Harrell represents District 2, which includes the Chinatown-International District (CID), and chairs the Governance, Equity, and Technology Committee. He serves as vice chair of the Human Services, Equitable Development, and Renter Rights Committee and also serves as a member of the Finance and Neighborhoods Committee.
As a new council member, Harrell introduced the Beacon Hill Broadband Pilot project, an expansion of high-fiber cable network to benefit underserved neighborhoods in the South End. He also pushed for street light conversion to brighter, longer lasting LEDs in those neighborhoods. Harrell is an advocate for the “13th Year” program, allowing high school graduates to attend South Seattle College in the first year tuition-free.
One of his earliest actions as a council member was the Race and Social Justice legislation to heighten the city’s awareness of institutional racism and social disparities.
Harrell is committed to developing legislation to restore funding to support programs for the CID and Asian Pacific Islanders. Preserving and investing in this “cultural gem” has always been a part of Harrell’s agenda.
Other contributions to the Asian community include his sponsorship of Resolution 31827 to honor the legacy of community activist Alan ‘Al’ Sugiyama, Resolution 31591 to recognize the Vietnamese Heritage and Freedom flag as the symbol for Seattle’s Vietnamese community,
and Resolution 31769 to recognize the contributions of Filipino Americans to Seattle. His office was also part of the working group to develop the CID Public Safety Action Plan.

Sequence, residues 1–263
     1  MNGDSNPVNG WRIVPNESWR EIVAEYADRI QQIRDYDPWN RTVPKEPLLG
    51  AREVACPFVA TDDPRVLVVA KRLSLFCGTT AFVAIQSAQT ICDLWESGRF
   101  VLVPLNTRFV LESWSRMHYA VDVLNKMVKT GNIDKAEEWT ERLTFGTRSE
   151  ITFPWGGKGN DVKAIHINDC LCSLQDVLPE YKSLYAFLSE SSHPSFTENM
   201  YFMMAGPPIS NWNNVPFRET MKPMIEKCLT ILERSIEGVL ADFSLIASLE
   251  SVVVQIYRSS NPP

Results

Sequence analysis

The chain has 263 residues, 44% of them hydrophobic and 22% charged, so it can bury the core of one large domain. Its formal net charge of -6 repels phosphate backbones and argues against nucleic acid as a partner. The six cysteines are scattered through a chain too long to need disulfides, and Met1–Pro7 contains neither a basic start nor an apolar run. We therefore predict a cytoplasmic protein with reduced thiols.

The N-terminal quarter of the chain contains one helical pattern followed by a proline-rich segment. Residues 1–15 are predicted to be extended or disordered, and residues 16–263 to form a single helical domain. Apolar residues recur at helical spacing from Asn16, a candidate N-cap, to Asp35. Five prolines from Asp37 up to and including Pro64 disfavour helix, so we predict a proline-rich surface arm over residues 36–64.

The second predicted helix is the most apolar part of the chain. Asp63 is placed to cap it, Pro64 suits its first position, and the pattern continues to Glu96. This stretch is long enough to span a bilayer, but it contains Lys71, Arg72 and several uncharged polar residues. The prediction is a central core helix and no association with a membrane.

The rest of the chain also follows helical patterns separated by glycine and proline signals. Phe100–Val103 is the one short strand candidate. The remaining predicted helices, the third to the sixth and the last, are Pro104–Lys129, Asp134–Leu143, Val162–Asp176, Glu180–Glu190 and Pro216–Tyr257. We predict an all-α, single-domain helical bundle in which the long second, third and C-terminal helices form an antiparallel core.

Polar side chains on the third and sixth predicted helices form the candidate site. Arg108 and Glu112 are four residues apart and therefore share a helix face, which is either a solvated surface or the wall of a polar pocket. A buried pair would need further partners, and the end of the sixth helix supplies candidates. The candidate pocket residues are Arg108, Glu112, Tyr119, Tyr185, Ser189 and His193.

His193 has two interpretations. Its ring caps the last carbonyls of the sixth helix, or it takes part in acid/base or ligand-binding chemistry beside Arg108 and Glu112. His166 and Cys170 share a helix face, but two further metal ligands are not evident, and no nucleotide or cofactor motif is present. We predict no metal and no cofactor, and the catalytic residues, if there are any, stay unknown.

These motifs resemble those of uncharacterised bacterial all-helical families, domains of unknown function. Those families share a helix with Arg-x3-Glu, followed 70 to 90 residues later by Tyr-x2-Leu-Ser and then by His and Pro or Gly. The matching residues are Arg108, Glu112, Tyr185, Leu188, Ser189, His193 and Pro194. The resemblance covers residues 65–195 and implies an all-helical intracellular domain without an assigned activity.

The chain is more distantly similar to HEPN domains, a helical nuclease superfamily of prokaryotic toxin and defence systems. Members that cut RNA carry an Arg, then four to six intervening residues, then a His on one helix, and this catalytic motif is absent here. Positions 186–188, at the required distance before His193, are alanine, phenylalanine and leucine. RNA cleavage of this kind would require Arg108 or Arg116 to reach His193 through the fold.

The council recently passed legislation to allocate $300,000 in funding for public improvements to Hing Hay Park. Whether it’s his voice or another council member’s, Harrell said, “There must always be a voice of the API community on the Council.”
He hopes Seattle’s Asian community model can demonstrate how a large demographic group can support and celebrate its commonality while still recognizing that “subsets of the same community have unique, cultural components that must be preserved and protected.”
Harrell believes the city’s policies and investment strategy need to recognize that “a culturally and ethnically diverse city is an advantage, as racial makeup shifts, our desire to remain diverse should not.”
He added, “The city’s efforts in the Equitable Development Initiative are so important in projects, including the Filipino community of Seattle, Southeast Economic Opportunity Center, Little Saigon Landmark Project, Rainier Beach Innovation district, and the Multicultural Community Center. These projects protect our culture and embrace the future.”
Speaking of the future, Harrell is a “Husky optimist.” He forecast a 9-3 record and a bowl game to follow for his alma mater. Yes, Harrell breathes Seattle and sees purple through his lens.
Harrell will be honored at the Top Contributors award dinner on Dec. 7 at House of Hong Restaurant in Seattle, from 6–9 p.m.
Becky can be reached at firstname.lastname@example.org.